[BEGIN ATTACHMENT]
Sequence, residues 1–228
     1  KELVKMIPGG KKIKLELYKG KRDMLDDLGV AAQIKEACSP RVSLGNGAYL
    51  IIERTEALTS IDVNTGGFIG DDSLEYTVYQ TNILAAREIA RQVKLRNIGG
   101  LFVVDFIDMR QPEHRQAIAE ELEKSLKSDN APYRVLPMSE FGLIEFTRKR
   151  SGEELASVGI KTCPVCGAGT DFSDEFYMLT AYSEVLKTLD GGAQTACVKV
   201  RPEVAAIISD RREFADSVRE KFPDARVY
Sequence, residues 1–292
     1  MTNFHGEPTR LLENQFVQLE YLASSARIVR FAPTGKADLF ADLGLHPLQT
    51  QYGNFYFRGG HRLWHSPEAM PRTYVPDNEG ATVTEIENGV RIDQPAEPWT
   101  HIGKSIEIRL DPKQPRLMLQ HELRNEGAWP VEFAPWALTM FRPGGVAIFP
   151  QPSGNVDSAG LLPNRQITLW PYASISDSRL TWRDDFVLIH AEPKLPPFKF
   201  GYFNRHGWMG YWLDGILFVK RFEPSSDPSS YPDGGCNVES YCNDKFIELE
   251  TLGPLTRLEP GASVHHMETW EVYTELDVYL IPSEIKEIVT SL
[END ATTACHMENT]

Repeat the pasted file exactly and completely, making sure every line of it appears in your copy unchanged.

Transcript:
Sequence, residues 1–228
     1  KELVKMIPGG KKIKLELYKG KRDMLDDLGV AAQIKEACSP RVSLGNGAYL
    51  IIERTEALTS IDVNTGGFIG DDSLEYTVYQ TNILAAREIA RQVKLRNIGG
   101  LFVVDFIDMR QPEHRQAIAE ELEKSLKSDN APYRVLPMSE FGLIEFTRKR
   151  SGEELASVGI KTCPVCGAGT DFSDEFYMLT AYSEVLKTLD GGAQTACVKV
   201  RPEVAAIISD RREFADSVRE KFPDARVY
Sequence, residues 1–292
     1  MTNFHGEPTR LLENQFVQLE YLASSARIVR FAPTGKADLF ADLGLHPLQT
    51  QYGNFYFRGG HRLWHSPEAM PRTYVPDNEG ATVTEIENGV RIDQPAEPWT
   101  HIGKSIEIRL DPKQPRLMLQ HELRNEGAWP VEFAPWALTM FRPGGVAIFP
   151  QPSGNVDSAG LLPNRQITLW PYASISDSRL TWRDDFVLIH AEPKLPPFKF
   201  GYFNRHGWMG YWLDGILFVK RFEPSSDPSS YPDGGCNVES YCNDKFIELE
   251  TLGPLTRLEP GASVHHMETW EVYTELDVYL IPSEIKEIVT SL